Maybe it's in simple part, too, of his bashfulness. Joe doesn't much enjoy talking about himself, at least not directly. And this helps us understand not only the evasiveness of his work, but the unfortunate fact that he has willfully remained out of the public eye for the entirety of his literary career. As Philip Nikolayev remarks in the introduction, Joe has “never submitted a poem to a magazine uninvited.” Why else should this be, if not that he lacks a soliciting ego, if not that he sees a greater purpose and impulse to the conception of poetry than a hope of recognition.

 

It is an honor to be reviewing Joe's work not only because I am among the few to do so, but because in the process I have developed a great respect and admiration for his style, and because I've discovered that—as a poet myself—Joe has something to teach me. In some ways, he is very much a postmodernist, especially in his use of media-based images, his sense of humor verging on irreverence (see the hilarious “Oh, Donna”), and his taste for challenging the reader's expectations, abandoning elitist language, and mocking modernist creeds (see “Alienation Effect,” a parody of Shklovsky's cry for “defamiliarization”). And yet at the same time his work escapes any definite system, proving that the art of poetry is much more than the definitions and imperatives we apply to it; and that the best poetry, perhaps, comes not from the writer's ability to withdrawal into her own intellect, but to be a happily present player in the everyday world. To look at the simplest things in life and say “ this is my poem.”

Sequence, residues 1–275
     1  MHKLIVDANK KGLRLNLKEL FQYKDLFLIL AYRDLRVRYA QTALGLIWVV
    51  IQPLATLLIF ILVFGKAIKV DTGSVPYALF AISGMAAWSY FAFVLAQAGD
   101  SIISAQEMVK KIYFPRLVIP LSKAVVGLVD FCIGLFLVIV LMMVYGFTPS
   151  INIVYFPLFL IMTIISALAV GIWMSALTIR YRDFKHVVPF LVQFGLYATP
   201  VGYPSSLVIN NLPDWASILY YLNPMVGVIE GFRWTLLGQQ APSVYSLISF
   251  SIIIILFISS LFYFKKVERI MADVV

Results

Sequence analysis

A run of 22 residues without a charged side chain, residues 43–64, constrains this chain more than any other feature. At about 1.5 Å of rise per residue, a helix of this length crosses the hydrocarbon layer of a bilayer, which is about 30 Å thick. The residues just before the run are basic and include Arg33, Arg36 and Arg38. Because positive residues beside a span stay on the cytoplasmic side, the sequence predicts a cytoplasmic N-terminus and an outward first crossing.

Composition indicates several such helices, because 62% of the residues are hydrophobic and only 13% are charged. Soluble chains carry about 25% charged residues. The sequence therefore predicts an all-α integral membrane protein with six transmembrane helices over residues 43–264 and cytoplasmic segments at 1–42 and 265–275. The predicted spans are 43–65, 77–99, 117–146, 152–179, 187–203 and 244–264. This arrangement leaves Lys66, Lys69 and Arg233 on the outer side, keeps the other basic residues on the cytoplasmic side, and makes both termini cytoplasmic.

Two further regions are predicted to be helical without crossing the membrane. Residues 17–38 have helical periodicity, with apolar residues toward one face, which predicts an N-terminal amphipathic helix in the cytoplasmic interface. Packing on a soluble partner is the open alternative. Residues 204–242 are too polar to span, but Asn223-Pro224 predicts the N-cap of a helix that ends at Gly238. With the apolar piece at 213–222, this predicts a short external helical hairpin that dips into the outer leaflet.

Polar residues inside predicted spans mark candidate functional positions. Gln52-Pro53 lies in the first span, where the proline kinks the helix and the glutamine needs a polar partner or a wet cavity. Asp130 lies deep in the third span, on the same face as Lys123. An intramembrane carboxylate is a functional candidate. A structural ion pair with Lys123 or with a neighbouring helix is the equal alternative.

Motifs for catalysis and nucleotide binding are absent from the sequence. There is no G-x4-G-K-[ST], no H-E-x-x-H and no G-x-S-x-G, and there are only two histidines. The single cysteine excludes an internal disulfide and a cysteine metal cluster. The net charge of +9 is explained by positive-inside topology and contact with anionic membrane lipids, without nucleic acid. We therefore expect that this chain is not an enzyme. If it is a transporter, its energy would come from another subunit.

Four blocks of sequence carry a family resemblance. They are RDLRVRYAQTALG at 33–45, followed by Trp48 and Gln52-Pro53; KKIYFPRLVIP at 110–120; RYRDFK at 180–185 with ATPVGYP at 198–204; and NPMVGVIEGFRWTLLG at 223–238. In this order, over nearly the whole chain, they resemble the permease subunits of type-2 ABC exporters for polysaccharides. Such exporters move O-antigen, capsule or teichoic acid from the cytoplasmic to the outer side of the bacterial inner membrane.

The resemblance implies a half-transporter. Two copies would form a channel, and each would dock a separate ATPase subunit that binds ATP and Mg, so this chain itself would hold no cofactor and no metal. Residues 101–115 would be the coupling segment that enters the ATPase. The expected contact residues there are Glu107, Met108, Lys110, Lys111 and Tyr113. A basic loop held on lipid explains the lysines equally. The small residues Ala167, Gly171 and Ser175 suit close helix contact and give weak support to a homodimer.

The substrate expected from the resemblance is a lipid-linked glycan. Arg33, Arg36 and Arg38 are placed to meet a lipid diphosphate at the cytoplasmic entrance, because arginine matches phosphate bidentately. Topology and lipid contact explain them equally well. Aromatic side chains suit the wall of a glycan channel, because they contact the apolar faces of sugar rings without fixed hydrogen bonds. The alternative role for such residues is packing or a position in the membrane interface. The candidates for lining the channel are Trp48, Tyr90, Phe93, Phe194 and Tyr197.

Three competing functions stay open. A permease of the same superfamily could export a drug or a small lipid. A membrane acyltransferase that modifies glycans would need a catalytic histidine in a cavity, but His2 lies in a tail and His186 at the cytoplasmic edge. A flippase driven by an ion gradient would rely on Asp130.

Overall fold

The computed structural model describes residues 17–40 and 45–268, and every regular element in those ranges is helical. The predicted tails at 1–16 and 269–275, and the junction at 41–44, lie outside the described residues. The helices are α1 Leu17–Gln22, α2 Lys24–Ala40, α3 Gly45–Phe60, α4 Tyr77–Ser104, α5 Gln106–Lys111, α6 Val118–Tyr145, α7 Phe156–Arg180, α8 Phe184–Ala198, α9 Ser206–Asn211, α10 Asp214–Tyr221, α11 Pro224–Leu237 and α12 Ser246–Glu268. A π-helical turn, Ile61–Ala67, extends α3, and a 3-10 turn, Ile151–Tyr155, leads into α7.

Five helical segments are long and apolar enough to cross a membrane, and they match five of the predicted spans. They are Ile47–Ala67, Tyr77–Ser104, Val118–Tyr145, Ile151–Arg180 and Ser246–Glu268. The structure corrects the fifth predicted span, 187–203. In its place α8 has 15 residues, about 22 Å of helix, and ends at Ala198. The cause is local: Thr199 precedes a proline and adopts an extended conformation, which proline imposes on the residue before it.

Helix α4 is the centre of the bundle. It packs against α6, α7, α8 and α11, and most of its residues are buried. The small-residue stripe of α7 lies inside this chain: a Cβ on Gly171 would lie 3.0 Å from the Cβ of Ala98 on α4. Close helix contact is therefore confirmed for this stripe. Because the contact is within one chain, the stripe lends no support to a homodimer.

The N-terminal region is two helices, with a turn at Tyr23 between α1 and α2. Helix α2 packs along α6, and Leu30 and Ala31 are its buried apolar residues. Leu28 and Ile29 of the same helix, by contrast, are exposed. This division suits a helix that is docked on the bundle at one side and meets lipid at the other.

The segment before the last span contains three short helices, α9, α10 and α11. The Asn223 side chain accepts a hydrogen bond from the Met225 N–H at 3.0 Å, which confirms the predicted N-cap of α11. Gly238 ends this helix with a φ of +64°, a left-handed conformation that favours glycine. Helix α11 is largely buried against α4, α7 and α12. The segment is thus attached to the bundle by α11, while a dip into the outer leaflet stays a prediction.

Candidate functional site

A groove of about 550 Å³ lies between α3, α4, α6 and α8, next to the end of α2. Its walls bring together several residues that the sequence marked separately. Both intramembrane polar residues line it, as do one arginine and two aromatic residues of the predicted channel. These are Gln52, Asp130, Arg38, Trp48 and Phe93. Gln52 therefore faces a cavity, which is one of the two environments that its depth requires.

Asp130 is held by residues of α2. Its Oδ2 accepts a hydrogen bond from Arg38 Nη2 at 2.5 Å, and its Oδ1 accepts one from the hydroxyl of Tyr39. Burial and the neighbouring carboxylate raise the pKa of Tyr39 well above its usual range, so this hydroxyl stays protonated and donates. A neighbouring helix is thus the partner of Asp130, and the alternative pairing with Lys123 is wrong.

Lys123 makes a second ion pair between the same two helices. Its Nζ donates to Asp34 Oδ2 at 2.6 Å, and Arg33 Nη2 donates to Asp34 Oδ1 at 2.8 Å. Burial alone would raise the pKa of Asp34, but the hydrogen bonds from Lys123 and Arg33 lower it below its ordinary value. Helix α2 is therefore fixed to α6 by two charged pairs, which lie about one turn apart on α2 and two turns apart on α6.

Indeed, his verses are part speculation on the ambiguity of what exactly a poem is. Throughout the collective work, there appear peculiar ruptures between the poem and the composition itself, maybe implying that there is a distinction between the two—that poetry is more than feelings or thoughts molded into a metered structure. It has a special ontological integrity in his work. At times, the “poem” appears a character in the text, a subject of the verse, and not the verse itself. One example of this is “Night, Fog, War,” where he writes: “‘You, sir, are no gentleman,' / My poem said. / I lit two cigarettes / One for me, one for him” (197). In another, Joe's “poem” is personified as an elusive, unpredictable woman—possibly one of his true loves:

‘Let's go, please' my poem said.
[…] ‘You sure you're not too old
For the Merry-Go-Round?' I asked

But I loved it and she knew.
And so we went and I watched her.
The solemn look on her face as she rode. (167)